Another equally important consequence of this Chalcedon adjustment of the relations of the two natures was, that the suffering of the God-Man was truly and really infinite, while yet the Divine nature is impassible.2 The God-Man suffered in his human nature, and not in his divine. For, although the properties of each nature may be attributed to the one Person, the properties of the one nature cannot be attributed to the other nature. The seat, of the suffering, therefore, must be the humanity, and not the divinity, in the Person. But the Person suffering is the God-Man; and his personality is as truly infinite as it is truly finite. Jesus Christ really suffered; not in his Divine nature, for that cannot be the seat of suffering, but in his human nature, which he had assumed so that he might suffer. The passion, therefore, is infinite because the Person is infinite; although the nature which is the medium through which the Person suffers is finite.

1" By reason not of two per- his mind. So Christ is called sons linked in amity, bnt of two holy, harmless, and undefined; is natures, human and divine, con- said to have died, risen, and asjoined in one and the same per- cended up to heaven, with relason, the God of glory may be said tion to his human nature. He is as well to have suffered death, as also said to be in the form of God, to have raised the dead from their to have created all things, to be graves; the Son of Man as well the brightness of the Father's to have made as redeemed the glory, and the express image of world." Hooeer: Eccl. Pol. Book his person, with relation to his V. Ch. liii. "A man is called tall, Divine nature." Burnet: On the fair, and healthy, from the state Thirty-Nine Articles (Article II). of his body; and learned, wise, * Compare Pearson: On the and good, from the qualities of Creed (Article IV).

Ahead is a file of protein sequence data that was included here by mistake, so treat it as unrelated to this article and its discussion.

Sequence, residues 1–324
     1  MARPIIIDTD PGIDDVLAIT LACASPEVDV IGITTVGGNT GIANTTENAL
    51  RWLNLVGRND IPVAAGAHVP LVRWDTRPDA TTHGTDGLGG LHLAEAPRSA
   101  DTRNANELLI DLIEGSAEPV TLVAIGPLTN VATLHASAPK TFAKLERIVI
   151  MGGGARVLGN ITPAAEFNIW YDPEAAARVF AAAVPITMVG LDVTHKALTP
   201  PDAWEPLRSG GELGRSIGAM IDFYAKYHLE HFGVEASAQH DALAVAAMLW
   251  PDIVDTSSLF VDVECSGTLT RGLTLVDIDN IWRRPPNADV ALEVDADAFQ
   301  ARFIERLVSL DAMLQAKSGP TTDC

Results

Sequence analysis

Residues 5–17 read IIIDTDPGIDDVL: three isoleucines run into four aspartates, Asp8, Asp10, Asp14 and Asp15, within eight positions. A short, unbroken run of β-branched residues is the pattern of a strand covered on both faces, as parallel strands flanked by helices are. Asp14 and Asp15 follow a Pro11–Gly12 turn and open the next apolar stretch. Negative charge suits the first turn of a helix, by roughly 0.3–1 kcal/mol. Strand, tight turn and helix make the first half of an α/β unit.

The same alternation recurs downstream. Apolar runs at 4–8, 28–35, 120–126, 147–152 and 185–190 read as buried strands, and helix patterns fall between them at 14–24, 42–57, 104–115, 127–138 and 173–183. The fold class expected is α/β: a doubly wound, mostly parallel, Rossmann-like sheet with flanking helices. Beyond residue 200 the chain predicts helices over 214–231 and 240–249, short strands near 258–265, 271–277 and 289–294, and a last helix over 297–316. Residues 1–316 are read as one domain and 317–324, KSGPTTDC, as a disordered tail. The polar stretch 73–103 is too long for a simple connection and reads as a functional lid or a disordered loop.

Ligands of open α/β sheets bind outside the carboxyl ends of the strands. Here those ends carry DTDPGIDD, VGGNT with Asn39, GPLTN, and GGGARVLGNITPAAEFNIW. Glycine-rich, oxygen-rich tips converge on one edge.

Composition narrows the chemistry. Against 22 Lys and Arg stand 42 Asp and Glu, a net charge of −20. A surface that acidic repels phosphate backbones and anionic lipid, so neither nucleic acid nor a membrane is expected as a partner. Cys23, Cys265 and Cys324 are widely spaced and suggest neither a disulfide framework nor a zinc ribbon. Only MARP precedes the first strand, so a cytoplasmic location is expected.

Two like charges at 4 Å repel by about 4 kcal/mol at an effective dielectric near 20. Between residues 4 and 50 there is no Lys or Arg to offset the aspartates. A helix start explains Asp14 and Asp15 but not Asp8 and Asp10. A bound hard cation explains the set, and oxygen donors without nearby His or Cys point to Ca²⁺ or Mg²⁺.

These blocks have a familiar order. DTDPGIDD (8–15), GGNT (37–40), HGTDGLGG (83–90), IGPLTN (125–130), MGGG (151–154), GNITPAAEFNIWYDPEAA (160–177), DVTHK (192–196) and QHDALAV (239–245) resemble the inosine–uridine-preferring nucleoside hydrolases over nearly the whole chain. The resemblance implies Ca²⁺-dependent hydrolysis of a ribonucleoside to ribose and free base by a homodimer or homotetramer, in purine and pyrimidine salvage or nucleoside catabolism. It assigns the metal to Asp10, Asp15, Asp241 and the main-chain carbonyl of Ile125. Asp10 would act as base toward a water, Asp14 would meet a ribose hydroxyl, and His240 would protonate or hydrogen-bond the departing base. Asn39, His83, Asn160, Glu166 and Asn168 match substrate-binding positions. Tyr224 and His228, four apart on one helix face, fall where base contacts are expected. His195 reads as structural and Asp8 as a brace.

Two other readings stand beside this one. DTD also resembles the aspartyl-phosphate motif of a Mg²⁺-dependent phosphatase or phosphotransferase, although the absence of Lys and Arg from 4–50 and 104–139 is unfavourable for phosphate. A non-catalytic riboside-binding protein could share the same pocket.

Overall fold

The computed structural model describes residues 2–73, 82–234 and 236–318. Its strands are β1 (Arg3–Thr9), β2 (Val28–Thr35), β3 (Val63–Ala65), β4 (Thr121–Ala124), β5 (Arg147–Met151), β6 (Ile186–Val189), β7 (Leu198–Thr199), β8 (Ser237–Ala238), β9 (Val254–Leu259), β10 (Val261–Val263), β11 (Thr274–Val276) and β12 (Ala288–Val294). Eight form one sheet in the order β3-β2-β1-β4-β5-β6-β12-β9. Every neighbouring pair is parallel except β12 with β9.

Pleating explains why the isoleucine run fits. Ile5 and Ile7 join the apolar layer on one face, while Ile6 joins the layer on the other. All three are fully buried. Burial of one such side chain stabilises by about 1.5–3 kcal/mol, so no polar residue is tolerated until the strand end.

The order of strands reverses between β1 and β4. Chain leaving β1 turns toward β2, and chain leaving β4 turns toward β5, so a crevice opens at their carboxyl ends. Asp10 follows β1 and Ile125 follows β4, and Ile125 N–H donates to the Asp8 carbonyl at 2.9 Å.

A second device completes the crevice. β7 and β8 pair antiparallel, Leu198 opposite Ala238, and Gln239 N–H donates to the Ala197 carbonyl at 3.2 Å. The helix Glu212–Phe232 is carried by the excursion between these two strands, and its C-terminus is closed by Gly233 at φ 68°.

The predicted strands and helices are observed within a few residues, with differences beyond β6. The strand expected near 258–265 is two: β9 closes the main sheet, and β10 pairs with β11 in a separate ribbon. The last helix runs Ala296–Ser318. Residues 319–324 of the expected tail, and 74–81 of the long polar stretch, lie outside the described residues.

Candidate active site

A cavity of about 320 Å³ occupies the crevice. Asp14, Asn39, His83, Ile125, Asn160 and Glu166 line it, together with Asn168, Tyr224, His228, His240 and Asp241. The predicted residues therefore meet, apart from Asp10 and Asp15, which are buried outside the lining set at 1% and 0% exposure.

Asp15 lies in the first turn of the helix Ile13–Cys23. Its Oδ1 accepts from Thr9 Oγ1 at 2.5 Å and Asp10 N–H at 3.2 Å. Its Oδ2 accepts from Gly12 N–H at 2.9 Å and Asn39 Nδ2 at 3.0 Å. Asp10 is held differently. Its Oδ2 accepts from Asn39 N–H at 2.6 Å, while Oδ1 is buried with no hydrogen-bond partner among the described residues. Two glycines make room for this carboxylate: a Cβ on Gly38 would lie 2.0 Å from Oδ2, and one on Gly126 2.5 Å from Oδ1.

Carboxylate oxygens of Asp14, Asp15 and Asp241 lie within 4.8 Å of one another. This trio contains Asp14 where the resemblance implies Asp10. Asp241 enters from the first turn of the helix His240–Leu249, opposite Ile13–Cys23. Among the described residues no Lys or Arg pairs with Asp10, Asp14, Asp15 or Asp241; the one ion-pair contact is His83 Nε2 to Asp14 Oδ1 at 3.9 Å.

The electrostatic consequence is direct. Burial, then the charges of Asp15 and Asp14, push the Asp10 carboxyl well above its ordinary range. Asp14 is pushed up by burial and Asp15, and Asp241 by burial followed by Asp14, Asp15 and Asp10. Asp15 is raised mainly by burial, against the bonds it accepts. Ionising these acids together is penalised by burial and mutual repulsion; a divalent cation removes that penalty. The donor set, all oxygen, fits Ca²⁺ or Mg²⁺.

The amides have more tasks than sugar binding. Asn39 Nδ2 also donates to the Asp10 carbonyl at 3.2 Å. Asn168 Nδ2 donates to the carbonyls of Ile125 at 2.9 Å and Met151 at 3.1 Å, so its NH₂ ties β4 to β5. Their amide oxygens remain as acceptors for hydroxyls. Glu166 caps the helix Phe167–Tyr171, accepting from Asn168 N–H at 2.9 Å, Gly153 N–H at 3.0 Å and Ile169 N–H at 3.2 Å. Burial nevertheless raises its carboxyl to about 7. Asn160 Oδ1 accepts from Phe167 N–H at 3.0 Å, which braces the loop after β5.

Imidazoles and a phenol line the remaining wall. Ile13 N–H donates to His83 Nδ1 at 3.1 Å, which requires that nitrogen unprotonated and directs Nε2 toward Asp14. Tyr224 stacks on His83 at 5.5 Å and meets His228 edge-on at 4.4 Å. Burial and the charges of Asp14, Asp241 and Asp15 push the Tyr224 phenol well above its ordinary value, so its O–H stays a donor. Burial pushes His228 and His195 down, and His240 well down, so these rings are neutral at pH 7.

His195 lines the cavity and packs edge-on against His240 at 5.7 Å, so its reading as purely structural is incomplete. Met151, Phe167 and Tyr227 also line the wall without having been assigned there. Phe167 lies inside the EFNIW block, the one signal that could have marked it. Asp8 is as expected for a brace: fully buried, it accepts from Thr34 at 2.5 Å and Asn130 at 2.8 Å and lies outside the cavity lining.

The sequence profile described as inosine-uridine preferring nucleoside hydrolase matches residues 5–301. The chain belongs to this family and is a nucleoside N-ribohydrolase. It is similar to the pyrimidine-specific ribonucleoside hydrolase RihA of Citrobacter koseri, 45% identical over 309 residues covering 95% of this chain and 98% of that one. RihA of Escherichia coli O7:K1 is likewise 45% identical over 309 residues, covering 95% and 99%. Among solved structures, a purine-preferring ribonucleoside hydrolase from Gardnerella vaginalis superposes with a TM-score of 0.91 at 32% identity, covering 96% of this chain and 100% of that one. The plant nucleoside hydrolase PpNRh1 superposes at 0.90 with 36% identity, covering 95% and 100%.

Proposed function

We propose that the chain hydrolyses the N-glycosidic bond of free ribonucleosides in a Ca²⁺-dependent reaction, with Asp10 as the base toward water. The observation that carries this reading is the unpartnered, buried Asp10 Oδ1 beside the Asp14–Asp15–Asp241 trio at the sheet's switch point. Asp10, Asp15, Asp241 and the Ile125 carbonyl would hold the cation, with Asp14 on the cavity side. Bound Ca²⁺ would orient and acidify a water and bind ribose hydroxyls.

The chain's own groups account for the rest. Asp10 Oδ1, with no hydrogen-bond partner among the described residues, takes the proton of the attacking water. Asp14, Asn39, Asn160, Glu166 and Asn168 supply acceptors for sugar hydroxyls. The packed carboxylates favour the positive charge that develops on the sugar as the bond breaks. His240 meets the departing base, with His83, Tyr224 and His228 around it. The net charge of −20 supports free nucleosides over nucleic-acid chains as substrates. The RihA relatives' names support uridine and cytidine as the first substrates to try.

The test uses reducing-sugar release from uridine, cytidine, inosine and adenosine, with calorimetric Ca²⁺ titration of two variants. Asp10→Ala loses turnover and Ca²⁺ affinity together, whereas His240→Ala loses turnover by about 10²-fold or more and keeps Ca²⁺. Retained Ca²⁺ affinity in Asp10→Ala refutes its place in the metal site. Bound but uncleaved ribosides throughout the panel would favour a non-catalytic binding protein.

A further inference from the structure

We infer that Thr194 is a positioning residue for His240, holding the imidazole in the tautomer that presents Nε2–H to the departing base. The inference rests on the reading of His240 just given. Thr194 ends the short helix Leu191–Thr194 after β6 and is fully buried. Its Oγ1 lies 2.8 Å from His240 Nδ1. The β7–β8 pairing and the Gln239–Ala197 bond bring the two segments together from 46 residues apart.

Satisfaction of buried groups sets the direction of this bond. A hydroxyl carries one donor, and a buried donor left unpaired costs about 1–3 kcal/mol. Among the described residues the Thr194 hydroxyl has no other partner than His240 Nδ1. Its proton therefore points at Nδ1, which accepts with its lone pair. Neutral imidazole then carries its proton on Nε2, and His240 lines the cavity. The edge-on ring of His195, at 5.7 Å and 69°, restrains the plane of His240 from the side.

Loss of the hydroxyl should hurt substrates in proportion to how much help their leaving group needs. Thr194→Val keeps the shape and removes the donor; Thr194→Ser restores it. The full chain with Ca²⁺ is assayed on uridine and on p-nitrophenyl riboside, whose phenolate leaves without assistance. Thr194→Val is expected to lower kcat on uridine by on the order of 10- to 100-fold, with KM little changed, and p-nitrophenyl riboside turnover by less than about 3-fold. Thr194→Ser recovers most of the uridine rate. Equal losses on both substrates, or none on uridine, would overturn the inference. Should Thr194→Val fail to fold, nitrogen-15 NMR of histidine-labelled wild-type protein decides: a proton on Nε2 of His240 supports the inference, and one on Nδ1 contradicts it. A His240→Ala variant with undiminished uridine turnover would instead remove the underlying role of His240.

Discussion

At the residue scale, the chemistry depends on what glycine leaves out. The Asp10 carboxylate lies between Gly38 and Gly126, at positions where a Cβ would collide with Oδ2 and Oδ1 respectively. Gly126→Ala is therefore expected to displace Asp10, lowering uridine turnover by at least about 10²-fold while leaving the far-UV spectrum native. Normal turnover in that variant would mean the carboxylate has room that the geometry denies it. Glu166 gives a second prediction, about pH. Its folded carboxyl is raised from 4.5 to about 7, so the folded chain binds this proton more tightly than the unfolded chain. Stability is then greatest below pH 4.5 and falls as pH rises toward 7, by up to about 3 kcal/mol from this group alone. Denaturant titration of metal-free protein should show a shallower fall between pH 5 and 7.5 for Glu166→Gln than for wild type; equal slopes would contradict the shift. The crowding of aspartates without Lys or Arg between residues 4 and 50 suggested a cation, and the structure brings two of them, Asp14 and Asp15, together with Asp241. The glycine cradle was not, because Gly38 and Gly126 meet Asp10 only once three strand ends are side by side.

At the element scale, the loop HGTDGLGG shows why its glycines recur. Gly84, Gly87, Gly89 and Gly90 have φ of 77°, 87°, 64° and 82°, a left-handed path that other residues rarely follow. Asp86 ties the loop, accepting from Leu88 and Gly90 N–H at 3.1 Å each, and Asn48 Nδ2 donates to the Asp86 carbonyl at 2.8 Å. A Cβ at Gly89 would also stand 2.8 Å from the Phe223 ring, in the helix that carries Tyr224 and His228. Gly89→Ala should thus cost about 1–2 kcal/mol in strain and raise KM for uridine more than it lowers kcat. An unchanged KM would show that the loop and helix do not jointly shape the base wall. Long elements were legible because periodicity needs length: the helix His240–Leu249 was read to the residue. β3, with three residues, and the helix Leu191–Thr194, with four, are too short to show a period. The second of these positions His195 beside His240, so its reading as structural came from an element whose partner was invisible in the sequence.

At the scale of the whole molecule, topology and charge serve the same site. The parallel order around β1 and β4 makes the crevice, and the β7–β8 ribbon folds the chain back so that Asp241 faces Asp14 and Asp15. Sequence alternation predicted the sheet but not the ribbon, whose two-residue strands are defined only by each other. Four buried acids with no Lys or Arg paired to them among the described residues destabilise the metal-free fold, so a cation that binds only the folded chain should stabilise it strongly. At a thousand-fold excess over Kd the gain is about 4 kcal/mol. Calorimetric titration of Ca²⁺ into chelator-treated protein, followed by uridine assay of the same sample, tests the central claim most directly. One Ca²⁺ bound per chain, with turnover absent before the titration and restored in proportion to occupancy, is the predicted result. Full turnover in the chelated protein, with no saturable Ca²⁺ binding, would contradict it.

Here, again, the analogies of finite existence furnish illustrations. A man suffers the sensation of heat from a coal of fire; and a brute suffers the same sensation from the same coal. The seat of the sensation, the semorium, in each instance is a physical nature. For the mental and immaterial nature of the man is not burned by the fire. The point of contact, and the medium of suffering, in each instance, is a material and fleshly substance. But the character and value of the suffering, in one instance, is vastly higher than in the other, by reason of the difference in the subject, the Ego. The painful sensation, in the case of the man, is the suffering of a rational and immortal person; in that of the brute, it is the suffering of an unreasoning and perishing creature. The former is human agony; the latter is brutish agony. One is high up the scale, and the other low down, not because of the sensorium, or "nature," in which it is seated (for this is the same thing in both), but because of the person or subject to which it runs and refers back.